Utah Birds, Utah Birding, and Utah Birders. Promoting the sharing of information, and the conservation of habitat for birds in Utah and elsewhere. We are a group of people who want to share what we know, and create a positive birding experience in Utah.


a blog by and for Utah Birders

New Research on Gulls Changes Everything

posted by Kenny Frisch at
on Sunday, March 31, 2013 

For a long time scientists and birders alike have had trouble not only telling one gull species from another, but even knowing whether a certain gull species should even be a species. In recent years the debate has come down on the Herring Gull complex- whether there are 3 different Herring Gulls, or if Thayer's, Herring, and Iceland Gulls should be all lumped as one species or something in the middle.  All of that has changed though.

 Great Black-backed Gulls have strong genes

Stunning new research has shown that almost all gull species to be hybrids of Great Black-backed Gulls and unbelievably, Little Gulls.  Mitochondrial DNA or mtDNA taken from a host of former gull "species" show genes in all gull species that be traced back to both of these parent species.  Backcrosses and breeding among the hybrids have resulted in the wide range of gulls we see today.  Gulls with more Little Gull genes are more of the smaller gulls (like Ring-billed and Franklin's) whereas gulls with more Great Black-backed genes tend to be larger (like Glaucous and Western).

Opposites attract when it comes to Little Gulls

I'm sure of all of you have many questions, just as I did upon my first reading of this research.  What about mantle color?  It turns out that Little Gulls and Great Black-backed Gulls share a common ancestor, one that most likely had a paler back.  In both the species, the ancestral genes are turned off, however when they hybridize, these ancestral genes can be expressed, leading to the wide variety of mantle colors we see today.  What about their breeding ranges?  It's true that both species breeding ranges don't overlap now, but it turns out that right after the last Ice Age, Little and Great Black-backed Gulls shared a common breeding ground where the hybridizing started. It also seems like there may in fact be no "pure" Great Black-backed Gulls or Little Gulls given the amount of cross breeding.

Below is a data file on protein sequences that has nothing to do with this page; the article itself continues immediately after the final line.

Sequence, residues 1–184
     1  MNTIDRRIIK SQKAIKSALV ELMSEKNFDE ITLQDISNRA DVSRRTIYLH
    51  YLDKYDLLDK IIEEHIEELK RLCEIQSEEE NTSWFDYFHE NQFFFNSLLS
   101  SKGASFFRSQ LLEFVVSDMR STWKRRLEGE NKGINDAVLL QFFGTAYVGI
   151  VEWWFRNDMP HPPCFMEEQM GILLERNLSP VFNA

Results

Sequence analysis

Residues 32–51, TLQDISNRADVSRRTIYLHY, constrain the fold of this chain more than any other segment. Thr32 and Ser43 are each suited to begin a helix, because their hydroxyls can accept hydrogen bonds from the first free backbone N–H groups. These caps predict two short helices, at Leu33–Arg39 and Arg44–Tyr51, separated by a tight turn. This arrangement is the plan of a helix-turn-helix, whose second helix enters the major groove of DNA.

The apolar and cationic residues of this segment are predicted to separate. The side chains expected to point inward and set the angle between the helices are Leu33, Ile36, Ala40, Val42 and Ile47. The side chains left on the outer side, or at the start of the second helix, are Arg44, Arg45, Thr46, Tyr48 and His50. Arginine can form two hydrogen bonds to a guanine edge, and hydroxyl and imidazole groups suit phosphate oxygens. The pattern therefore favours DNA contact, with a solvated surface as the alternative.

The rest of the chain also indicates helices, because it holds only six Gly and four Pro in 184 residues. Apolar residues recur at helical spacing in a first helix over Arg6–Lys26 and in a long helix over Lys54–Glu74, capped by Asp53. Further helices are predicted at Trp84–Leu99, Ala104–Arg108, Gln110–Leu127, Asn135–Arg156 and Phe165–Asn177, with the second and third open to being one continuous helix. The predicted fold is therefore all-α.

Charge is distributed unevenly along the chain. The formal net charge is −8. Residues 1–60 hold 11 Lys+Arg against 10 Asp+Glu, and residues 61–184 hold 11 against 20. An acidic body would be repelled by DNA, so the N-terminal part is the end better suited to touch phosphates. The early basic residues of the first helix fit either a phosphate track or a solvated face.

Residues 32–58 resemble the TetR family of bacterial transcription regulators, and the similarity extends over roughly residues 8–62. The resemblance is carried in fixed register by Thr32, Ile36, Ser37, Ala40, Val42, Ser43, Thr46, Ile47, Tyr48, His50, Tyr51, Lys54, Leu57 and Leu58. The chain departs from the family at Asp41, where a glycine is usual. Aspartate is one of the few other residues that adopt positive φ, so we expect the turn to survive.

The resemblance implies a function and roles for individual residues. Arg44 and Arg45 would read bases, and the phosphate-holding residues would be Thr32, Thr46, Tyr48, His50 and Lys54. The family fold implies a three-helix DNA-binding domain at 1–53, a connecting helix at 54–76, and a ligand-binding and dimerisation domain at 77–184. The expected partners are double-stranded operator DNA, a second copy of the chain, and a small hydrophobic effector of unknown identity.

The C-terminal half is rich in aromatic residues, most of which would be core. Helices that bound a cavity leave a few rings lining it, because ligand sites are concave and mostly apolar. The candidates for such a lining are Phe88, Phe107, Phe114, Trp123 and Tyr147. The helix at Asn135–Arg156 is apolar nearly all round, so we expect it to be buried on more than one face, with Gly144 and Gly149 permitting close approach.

It makes sense that Sabine's Gulls are just goofy hybrids

There are still many questions to be answered, mainly if all these new hybrid gulls are stable hybrids and one day may be considered new species.  Given the amount of hybrids we see each winter in Utah, I think we are a long way away from having anything more than a handful of true gull species.

Personally, I am not looking forward to losing 18 species off my life list, but science is always moving ahead and we birders just need to catch up.

A link to the article detailing all the research can be found here: http://tinyurl.com/bsomrcr

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Krider's Red-tail in Utah?

posted by Jerry Liguori at
on Sunday, March 24, 2013 

A friend (Tim Avery) called me the other day about a Krider’s Red-tailed Hawk in Utah. I am always intrigued how birds can show up almost anywhere, and Krider’s in Utah doesn’t sound like a “big deal” at all. Harlan’s and Western Red-tails show up in places you would think unlikely in winter. However, I am unaware of any documented (photographed) Krider’s west of the Rocky Mountains, and the one’s I was made aware of have all turned out to be pale versions of Harlan’s. It is certainly likely one or many will show up, and I would love to be the one to document it. But if anyone has photos of a Krider’s west of the Rocky Mountains, please share them, and maybe I can post the images here to make public the record. I would actually love to know one has occurred.

So, during Tim’s phone call, he made it clear to me that he was possibly watching a very pale Harlan’s since they are common in these parts, but questioned how to tell the paler versions of Harlan’s from Krider’s. Take a look at Tim’s photos, note the broad, dark brown belly streaks, dark brown streaky head (Krider’s are golden when not whitish, and adults are not streaked), dark brown patagials (Krider’s are rufous or pale brown), pale mottling on upperside is limited to the scapulars, and lack of clean banding to remiges (remiges are somewhat mottled and bands are broken). The tail is very Krider's-like on this bird (as some Harlan’s are), but note the grayish wash. Anyway, just wanted to note how similar the two races can be.


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Who are the Utah Birders?

posted by Tim Avery at
on Friday, March 22, 2013 

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St. George Photo Quiz - Answers Revealed

posted by Jeff Bilsky at
on Tuesday, March 19, 2013 

A couple of weeks ago I posted a quiz based on photo's from my trip to St. George. Below are the answers. I used some different photos and/or cropping where available. Congrats to Kendall Watkins for guessing every single bird correctly. Thanks to everyone for making good use of my bad photos!

#1 - Ruddy Duck

#2 - Snow Geese

#3 - Western Bluebird